Maryland's projected budget deficit for next year continues to grow. New numbers released this week show that the projected deficit stands at close to $1.6 billion, about one-third more than earlier estimates.
The new projections could mean a stronger push next year by state lawmakers to shift some of the burden of teacher pensions onto counties. State Senate President Mike Miller told the Baltimore Sun he will push the idea again in Annapolis, even though the state House of Delegates has in years past refused to hear the matter.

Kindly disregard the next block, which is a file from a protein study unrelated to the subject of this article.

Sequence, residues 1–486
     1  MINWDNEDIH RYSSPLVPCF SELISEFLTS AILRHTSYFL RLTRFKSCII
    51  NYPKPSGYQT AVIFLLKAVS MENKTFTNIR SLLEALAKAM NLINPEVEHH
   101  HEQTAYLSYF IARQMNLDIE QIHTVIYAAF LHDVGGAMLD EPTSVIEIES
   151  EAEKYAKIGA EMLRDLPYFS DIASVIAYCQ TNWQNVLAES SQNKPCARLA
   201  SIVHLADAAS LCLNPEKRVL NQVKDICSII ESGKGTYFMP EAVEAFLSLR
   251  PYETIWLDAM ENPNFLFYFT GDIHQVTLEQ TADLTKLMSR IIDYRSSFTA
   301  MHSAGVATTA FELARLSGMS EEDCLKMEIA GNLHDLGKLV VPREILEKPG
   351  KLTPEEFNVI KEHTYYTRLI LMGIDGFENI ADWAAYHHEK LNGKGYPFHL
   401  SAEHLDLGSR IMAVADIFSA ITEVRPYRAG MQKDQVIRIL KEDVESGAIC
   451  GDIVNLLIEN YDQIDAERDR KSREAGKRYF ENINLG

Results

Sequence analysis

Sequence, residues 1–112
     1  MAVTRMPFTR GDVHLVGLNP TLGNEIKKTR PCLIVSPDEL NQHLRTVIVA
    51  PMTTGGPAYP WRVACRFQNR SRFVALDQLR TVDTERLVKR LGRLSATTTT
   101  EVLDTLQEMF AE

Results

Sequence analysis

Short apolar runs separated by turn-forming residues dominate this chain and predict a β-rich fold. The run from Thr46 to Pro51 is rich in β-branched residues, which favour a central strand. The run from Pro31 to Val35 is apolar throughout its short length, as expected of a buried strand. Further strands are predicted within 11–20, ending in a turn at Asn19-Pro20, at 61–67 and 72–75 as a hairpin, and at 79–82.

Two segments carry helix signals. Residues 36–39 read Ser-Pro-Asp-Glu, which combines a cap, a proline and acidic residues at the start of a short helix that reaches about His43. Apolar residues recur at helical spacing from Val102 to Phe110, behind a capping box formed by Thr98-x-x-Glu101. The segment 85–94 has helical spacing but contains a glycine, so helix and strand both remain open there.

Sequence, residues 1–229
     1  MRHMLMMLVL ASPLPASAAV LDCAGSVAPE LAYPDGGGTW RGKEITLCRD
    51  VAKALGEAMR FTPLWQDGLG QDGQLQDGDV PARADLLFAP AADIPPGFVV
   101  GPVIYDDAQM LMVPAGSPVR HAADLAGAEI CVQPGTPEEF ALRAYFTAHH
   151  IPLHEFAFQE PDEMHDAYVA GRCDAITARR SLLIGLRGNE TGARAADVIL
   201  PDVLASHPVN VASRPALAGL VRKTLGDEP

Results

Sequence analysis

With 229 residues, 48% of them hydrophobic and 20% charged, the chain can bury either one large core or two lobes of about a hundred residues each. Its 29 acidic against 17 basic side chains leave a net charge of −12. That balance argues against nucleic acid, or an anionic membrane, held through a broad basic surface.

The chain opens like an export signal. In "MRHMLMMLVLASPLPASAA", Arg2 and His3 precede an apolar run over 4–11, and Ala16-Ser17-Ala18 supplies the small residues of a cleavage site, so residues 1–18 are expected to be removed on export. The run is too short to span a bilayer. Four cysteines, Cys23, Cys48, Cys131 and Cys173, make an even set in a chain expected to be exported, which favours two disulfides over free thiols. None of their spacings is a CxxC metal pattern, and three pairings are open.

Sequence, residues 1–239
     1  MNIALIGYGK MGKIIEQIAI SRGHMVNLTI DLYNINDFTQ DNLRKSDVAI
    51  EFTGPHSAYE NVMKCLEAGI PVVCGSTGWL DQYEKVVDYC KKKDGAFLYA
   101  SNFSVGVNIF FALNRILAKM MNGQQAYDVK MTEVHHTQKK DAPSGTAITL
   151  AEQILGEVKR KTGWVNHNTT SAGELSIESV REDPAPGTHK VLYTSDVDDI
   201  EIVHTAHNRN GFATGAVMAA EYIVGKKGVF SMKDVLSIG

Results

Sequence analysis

Montgomery County executive Isiah Leggett says his county doesn't have the money to help pay pensions.
"In any and all of the plans, it shifts a significant burden back down to the communities. As low as $11 million in the first year, to as high as $30 million in the first year," Leggett says. "That is a lot of money for a county and counties around the state of Maryland that are strapped for cash right now."
Leggett says the county's projected budget deficit for next year is also on the rise -- now standing at around $200 million. He blames the recent spike on the defeat of ambulance user fees by voters on Election Day.